The current version of the PCI DSS is 3.2.1, published in May 2018. Requirement 6 states that you must “Develop and maintain secure systems and applications.” Sure, no problem. That’s totally clear and straightforward — at least for anyone who’s never tried to develop and maintain secure systems and applications! For the rest of us, that’s a tall order. Read more “How to Address PCI DSS Requirement 6.6 — A Two-For-One Solution From Threat Stack”
PCI DSS stands for Payment Card Industry Data Security Standard. These standards are in place to help businesses protect themselves and their customers by outlining how sensitive personal information, like credit card data, gets stored. If you process payments using debit or credit cards, you must meet PCI DSS, or you might be fined or have your ability to process cards revoked altogether. Read more “PCI Compliance Checklist”
This post explains how the PCI Security Standards Council has introduced its new PCI Software Security Framework to align PCI with modern software development and deployment practices such as DevOps, microservices, and containers.
Read more “New PCI Standards for New Ways of Building Software”
A Definition of AWS PCI Compliance,
Benefits, Requirements, & More
If your organization processes credit or debit card payments, PCI compliance is essential. If you are a merchant of any size accepting credit cards, you must be in compliance with PCI Security Standards. In this post, I’m going to walk you through what you need to know about AWS PCI compliance to ensure compliance in the cloud. Read more “What is AWS PCI Compliance?”
Compliance processes have a reputation for being expensive, time-consuming, and fraught with difficulties — and sometimes certifications are looked upon with skepticism. However, most of the PCI requirements are common sense, best practices that any organization that is concerned with security should adopt. At MineralTree, we use Threat Stack to mitigate security threats. Additionally Threat Stack helps us adhere to PCI requirements and document our compliance.
Let me explain . . .
We write about compliance (and talk to customers about it) pretty regularly, and if you’ve been following our blog over the last two months, then you know we also just did a full series on the topic. In addition, we released the The Threat Stack Compliance Playbook that’s full of practical information you can use to help your company achieve compliance without losing your sanity.
When companies prepare to meet compliance, whether it’s PCI DSS, HIPAA, or SOC 2, one thing that can be estimated inaccurately is the stakeholders who need to be involved — who they are, what departments they come from within your organization, what their roles are, what knowledge and skill sets they require, how long they’ll be needed, etc. This post is intended as a practical guide to help you develop a thorough and realistic resource plan for your next compliance audit.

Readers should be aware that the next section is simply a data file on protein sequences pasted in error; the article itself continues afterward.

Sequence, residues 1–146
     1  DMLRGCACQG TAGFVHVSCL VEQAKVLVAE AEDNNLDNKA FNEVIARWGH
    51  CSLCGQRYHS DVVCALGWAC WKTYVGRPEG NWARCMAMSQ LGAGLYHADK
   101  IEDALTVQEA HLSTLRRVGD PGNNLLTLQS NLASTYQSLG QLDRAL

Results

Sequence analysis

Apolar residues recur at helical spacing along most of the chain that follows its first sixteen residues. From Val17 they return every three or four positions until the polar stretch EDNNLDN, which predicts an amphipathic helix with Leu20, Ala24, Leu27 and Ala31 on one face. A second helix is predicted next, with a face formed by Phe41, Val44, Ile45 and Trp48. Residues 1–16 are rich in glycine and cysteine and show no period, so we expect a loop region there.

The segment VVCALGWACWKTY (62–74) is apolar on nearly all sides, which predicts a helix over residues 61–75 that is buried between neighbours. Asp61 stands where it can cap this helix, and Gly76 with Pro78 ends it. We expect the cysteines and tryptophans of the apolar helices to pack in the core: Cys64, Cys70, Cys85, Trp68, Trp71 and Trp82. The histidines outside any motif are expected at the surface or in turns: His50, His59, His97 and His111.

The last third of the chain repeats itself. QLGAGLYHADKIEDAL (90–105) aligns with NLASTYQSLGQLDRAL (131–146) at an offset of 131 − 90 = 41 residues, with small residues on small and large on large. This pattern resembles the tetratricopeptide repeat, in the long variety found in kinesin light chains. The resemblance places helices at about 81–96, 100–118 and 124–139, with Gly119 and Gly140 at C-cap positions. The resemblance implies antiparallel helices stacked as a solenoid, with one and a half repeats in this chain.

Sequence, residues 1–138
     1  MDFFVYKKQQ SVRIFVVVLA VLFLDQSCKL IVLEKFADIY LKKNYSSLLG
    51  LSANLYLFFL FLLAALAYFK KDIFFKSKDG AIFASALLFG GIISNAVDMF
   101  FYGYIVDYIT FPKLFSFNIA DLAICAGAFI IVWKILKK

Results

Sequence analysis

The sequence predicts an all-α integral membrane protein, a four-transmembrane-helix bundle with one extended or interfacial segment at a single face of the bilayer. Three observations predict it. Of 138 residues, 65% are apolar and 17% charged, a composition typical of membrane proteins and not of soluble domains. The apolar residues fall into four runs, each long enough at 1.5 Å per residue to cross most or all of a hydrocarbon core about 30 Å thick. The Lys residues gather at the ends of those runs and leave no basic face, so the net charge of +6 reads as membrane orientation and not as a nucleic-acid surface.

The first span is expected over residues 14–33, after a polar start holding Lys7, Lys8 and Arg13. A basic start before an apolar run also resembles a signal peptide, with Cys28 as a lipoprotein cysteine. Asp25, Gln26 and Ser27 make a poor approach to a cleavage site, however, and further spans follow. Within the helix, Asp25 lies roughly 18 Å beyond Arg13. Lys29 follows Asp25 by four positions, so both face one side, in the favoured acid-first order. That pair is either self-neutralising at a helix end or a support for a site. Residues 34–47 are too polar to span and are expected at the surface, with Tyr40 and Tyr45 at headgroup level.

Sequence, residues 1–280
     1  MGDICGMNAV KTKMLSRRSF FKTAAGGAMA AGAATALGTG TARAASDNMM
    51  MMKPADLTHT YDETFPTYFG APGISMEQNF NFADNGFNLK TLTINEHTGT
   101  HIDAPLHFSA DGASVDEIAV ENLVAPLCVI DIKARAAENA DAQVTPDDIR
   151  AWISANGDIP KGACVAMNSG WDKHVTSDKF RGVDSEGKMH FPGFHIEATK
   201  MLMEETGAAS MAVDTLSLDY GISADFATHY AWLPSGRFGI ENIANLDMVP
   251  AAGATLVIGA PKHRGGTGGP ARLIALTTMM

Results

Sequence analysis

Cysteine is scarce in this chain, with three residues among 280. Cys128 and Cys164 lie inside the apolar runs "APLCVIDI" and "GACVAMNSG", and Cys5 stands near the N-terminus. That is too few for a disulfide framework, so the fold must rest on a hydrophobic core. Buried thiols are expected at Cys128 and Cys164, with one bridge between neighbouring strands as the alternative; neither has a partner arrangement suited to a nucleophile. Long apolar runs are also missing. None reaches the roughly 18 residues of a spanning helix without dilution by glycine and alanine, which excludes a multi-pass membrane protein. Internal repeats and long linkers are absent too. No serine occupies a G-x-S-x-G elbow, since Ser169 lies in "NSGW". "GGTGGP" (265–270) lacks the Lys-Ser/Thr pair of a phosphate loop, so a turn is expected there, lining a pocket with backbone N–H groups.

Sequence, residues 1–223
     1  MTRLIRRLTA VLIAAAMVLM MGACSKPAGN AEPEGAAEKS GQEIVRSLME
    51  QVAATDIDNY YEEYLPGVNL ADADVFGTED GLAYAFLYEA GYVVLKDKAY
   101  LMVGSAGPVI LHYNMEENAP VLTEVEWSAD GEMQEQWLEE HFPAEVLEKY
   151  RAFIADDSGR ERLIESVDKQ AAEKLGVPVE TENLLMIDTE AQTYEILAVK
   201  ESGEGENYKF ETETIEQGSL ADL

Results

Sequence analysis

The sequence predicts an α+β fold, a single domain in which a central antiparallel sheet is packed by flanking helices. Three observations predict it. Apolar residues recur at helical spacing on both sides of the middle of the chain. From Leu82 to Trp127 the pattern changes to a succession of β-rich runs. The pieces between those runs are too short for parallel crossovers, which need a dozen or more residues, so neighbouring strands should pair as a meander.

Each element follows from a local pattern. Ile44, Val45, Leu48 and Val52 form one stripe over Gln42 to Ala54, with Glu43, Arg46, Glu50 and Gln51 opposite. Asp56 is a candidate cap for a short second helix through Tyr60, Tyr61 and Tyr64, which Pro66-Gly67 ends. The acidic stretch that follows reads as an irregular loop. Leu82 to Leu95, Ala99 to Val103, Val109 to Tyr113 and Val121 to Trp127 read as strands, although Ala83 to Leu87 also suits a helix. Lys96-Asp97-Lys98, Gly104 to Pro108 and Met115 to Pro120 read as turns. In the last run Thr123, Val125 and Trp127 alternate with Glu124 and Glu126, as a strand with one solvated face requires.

Have you heard one about the bear and the two hikers?
A bear jumps out of the bush and starts chasing two hikers. They both start running for their lives, but then one of them stops to put on his running shoes.
The first hiker says, “What are you doing? You can’t outrun a bear!”
The second hiker replies, “I don’t have to outrun the bear; I only have to outrun you!”
Compliance works in a similar way. You don’t need to be the most compliant company; you just need to meet the requirements well enough to satisfy regulators, auditors, customers, and stakeholders. And, ideally, you want to be more compliant than your competitors. That’s how you outrun the bear (err… win the customer.)
When’s the last time someone made an unauthorized change to your system files?
To answer this and other important security questions, as well as to meet many compliance requirements, you first need to have file integrity monitoring. In case you aren’t familiar with the term, file integrity monitoring (sometimes abbreviated to FIM) is the method for knowing exactly when and how your files are being changed at any moment in time. This includes critical system files, configuration files, and content files.
Companies can easily underestimate the investment required to meet compliance. Thinking compliance is a one-and-done activity that you can skate by with minimal spend only sets you up for unpleasant surprises later on. Compliance can be a long, drawn-out process, involving HR, finance, security, leadership, and others. So it’s important to look at all the costs up front in order to set aside a realistic budget.
A good way to approach compliance is to treat it like a new product launch. You’ll need a dedicated project team, new technology, a reasonable budget, and more to get it off the ground.